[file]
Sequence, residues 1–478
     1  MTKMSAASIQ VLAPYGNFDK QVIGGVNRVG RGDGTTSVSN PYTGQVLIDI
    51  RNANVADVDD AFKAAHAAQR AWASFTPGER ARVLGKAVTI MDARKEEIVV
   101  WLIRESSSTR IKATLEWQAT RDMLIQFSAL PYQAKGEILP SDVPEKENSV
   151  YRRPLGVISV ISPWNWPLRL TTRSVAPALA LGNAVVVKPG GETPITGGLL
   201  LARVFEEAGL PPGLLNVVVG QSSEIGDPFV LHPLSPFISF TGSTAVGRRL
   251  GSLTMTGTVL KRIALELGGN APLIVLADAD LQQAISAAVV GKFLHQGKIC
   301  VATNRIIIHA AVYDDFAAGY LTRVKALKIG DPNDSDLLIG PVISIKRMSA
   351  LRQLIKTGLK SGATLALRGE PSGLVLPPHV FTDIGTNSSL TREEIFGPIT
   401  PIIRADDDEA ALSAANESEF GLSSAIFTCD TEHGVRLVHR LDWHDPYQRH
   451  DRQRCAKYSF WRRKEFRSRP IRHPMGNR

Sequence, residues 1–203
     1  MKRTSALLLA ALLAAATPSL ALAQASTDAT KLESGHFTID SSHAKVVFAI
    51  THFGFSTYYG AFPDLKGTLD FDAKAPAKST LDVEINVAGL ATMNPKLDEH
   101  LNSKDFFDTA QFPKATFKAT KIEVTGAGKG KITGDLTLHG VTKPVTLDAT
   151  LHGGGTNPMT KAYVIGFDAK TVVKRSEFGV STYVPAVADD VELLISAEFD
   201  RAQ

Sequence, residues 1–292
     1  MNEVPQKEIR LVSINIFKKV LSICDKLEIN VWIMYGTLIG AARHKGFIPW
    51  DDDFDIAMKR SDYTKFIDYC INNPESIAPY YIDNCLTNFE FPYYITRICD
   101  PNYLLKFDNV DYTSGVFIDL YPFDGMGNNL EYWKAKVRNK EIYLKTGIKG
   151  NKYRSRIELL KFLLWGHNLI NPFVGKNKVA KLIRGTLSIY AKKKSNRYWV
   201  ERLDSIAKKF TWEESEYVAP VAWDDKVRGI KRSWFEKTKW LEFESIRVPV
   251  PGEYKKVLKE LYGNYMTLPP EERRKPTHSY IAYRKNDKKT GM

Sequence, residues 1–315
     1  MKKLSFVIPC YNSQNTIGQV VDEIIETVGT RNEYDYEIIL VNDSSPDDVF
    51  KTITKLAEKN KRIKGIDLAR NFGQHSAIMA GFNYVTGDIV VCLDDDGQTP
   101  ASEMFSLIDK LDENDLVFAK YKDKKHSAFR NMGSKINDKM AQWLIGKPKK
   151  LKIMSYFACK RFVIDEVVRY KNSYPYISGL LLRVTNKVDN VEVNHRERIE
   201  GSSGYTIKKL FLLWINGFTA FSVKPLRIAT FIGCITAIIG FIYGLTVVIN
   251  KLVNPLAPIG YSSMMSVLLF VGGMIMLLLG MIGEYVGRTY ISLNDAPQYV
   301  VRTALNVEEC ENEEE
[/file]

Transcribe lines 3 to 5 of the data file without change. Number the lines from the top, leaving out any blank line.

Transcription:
    51  RNANVADVDD AFKAAHAAQR AWASFTPGER ARVLGKAVTI MDARKEEIVV
   101  WLIRESSSTR IKATLEWQAT RDMLIQFSAL PYQAKGEILP SDVPEKENSV
   151  YRRPLGVISV ISPWNWPLRL TTRSVAPALA LGNAVVVKPG GETPITGGLL